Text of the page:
There was a low incidence of active tuberculosis, opportunistic infections, serious infections, and malignancies. Five patients experienced demyelinating disorders, a recognized association with intermediate uveitis, underscoring the importance of proper screening for these disorders prior to starting a TNF blocker in patients with intermediate uveitis or unexplained neurologic symptoms.
Only 5% of patients in VISUAL III discontinued adalimumab use for lack of efficacy during the study period, but the agent is not a cure-all. Of patients who entered the study with active uveitis, 40% were not quiescent at week 78 and 26% of those with inactive uveitis at week 0 were not quiescent at week 78.
“A majority of patients were able to maintain control of their uveitis with adalimumab and a majority were able to taper their corticosteroid doses significantly,” Dr. Suhler said. “This is one of those rare circumstances where an open-label study is, in some ways, more compelling than the two randomized trials that proceeded it.”
Why haven’t ophthalmologists flocked to adalimumab to treat non-infectious uveitis? Inertia and lingering doubts as to the safety of biologics are slowing adoption. “Ophthalmology has trailed other specialties by 15 to 20 years in the adoption of biologics,” Dr. Suhler continued. “Most of these agents were developed for rheumatology, transplant medicine, dermatology, gastroenterology, and other areas, and ophthalmologists just aren’t geared into using these agents from a knowledge, familiarity, or comfort standpoint.”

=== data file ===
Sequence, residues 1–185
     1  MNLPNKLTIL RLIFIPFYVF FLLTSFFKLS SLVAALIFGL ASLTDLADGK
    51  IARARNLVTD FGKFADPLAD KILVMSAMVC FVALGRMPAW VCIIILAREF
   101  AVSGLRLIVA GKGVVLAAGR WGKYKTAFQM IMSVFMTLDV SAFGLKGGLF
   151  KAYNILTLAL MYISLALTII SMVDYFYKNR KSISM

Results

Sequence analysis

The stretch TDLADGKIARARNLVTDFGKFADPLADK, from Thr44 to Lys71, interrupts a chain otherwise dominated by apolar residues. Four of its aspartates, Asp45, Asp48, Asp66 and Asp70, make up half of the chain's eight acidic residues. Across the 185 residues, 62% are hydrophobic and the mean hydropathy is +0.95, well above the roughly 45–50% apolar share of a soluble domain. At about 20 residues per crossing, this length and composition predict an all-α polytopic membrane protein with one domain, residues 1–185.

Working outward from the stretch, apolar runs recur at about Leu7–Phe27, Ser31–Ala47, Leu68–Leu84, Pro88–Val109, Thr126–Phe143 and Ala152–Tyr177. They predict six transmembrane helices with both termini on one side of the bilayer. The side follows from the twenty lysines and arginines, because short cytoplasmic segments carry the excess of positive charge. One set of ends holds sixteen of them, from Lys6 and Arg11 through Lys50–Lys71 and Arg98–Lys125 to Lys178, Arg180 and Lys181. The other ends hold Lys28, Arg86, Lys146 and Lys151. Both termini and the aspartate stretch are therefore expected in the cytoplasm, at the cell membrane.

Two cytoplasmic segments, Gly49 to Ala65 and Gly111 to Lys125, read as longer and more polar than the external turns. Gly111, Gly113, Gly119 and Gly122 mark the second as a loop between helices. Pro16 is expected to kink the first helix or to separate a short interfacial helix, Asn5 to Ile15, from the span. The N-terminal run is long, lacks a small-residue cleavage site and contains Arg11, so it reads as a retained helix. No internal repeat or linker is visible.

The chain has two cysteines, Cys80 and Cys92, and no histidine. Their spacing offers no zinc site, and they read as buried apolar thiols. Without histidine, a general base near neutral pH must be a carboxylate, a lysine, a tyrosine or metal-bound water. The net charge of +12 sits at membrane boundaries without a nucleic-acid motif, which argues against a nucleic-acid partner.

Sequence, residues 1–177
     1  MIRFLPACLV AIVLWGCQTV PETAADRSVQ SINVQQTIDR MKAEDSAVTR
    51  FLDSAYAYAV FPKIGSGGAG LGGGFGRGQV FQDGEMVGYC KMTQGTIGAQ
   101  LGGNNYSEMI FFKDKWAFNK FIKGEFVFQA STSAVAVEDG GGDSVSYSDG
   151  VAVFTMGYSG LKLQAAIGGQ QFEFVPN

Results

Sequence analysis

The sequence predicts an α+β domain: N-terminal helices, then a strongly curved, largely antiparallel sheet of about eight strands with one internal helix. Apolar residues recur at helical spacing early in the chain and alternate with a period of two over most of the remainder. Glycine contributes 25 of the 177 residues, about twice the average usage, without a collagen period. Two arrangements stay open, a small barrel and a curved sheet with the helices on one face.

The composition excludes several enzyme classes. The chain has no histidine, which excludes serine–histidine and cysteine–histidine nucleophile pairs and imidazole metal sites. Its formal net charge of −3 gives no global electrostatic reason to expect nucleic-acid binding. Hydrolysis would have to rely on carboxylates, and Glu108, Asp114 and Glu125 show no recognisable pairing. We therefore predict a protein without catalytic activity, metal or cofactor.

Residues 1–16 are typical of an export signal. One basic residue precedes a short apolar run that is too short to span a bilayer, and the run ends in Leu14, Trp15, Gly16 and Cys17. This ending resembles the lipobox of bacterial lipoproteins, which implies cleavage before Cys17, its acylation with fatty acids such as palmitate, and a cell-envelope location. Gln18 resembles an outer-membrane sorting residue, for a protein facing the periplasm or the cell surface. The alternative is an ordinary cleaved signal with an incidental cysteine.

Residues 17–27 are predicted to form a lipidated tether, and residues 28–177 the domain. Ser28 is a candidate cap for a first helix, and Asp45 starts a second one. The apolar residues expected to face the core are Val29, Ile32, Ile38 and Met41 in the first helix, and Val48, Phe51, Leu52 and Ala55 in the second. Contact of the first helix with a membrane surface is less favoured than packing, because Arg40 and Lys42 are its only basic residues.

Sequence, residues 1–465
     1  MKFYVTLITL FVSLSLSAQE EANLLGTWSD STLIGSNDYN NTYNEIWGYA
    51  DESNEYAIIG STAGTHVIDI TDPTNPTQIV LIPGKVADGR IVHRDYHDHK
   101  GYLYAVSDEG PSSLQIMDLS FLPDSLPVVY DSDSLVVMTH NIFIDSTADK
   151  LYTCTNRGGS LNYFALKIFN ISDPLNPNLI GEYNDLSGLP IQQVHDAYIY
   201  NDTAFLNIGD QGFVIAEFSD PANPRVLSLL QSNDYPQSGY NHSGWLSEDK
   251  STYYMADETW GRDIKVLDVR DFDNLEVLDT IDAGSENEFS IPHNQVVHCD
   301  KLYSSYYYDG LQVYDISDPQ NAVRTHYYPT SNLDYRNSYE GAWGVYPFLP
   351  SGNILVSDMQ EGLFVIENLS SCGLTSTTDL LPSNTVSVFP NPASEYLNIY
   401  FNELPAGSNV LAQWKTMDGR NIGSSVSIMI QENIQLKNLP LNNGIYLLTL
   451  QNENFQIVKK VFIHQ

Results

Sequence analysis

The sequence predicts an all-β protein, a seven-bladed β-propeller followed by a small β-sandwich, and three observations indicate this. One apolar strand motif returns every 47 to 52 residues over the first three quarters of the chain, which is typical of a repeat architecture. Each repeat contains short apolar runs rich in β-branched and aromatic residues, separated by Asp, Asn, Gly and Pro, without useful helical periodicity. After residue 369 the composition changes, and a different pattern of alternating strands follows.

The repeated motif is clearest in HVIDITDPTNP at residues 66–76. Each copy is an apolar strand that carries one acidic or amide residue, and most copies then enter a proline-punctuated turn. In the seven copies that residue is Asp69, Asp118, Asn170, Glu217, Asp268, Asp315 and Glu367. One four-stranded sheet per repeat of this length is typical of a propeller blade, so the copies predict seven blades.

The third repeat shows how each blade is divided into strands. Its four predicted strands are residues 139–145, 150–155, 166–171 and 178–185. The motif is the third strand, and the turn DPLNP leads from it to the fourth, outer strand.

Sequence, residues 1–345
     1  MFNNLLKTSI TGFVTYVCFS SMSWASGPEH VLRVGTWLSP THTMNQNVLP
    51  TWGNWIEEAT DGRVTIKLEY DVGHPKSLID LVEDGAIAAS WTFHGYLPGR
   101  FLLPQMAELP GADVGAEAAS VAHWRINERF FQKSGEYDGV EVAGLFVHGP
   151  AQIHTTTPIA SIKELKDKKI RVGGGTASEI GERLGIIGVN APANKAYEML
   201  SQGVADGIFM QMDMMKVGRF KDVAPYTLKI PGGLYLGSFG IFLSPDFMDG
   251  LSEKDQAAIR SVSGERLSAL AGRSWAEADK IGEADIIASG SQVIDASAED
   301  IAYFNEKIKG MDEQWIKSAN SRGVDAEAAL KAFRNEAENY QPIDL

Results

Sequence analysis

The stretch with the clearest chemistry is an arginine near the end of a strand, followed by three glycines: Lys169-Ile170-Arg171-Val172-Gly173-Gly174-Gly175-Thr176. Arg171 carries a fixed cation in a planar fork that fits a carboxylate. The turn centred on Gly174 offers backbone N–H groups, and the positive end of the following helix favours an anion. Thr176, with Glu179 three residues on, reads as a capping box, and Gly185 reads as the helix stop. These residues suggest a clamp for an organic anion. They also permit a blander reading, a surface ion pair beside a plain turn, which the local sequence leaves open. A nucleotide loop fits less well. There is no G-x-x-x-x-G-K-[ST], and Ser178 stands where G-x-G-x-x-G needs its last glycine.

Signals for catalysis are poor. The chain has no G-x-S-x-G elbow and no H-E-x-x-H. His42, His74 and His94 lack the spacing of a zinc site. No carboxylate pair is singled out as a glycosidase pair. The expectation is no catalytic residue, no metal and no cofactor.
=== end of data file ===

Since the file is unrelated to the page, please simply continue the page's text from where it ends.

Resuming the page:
It is hoped that will change or, at the very least, ophthalmologists will develop relationships with other clinicians, such as rheumatologists or uveitis specialists, who are comfortable using biologics for uveitis. Long-term, high-dose corticosteroids reduce the quantity and the quality of patients’ lives. “We want to avoid that at all costs and adalimumab lets us do it,” he said.
ERIC B. SUHLER, MD
E: [email protected]
This article was adapted from Dr. Suhler’s presentation at the 2017 meeting of the American Academy of Ophthalmology. He did not indicate any financial interest.